Thieves who struck in London last week will need some serious green thumbs or their priceless loot won't be worth a cent. Someone dug up a tiny water lily from the Royal Botanic Gardens, reports CNN, and this is no ordinary lily. The Nymphaea thermarum is one of the world's rarest plants, with only a handful known to exist in the wild (in Rwanda) and propagated versions in existence only at botanical gardens in London and Bonn, Germany. It also happens to be the world's smallest water lily.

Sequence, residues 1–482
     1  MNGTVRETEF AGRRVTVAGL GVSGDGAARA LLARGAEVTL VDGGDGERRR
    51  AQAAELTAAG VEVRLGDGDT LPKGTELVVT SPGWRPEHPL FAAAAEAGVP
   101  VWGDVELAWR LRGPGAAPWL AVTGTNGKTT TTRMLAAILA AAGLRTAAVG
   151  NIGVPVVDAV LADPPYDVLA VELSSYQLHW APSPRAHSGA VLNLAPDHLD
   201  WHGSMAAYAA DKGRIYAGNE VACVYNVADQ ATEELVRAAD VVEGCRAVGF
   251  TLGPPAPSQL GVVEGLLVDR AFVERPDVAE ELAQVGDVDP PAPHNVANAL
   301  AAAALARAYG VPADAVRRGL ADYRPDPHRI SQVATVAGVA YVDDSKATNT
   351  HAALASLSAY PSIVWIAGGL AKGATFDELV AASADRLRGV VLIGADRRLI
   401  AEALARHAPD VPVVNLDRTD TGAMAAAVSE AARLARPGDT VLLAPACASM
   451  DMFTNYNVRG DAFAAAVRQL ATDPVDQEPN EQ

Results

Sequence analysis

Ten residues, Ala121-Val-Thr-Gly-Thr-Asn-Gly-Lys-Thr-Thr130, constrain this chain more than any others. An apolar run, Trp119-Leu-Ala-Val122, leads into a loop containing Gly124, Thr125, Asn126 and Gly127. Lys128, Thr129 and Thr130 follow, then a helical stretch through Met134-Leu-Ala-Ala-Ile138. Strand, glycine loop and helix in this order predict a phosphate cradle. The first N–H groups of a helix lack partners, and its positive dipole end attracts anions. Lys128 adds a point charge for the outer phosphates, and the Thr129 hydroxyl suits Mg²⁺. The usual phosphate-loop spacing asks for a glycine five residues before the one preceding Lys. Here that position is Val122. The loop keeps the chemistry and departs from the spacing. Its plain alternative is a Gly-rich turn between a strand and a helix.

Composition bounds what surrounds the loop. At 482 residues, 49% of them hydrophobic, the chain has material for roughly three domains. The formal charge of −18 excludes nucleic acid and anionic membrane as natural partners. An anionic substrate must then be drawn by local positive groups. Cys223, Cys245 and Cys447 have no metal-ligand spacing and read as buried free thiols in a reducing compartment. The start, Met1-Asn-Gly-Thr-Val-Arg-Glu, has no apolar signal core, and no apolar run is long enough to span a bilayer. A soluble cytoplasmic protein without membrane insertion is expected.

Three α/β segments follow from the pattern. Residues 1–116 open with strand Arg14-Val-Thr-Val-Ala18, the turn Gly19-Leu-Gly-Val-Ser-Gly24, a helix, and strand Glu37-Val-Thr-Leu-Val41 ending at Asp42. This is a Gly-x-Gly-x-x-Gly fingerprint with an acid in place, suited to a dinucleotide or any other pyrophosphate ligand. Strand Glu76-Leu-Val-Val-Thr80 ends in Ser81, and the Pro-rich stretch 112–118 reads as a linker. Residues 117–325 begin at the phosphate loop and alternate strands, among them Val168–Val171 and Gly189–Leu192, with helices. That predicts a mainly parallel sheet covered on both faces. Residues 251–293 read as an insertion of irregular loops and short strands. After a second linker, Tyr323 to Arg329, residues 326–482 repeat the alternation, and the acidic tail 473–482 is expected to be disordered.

Officials at the London gardens pegged the value as "priceless," and the thieves likely knew exactly what they were taking, reports the Guardian. A thriving black market exists for such plants, and the best bet is that it will end up in the garden of a rich collector. He better study up, though: The plant informally known as the "pygmy Rwandan water lily" will grow only in mud of a precisely calibrated temperature. (Click to read about another unusual theft.)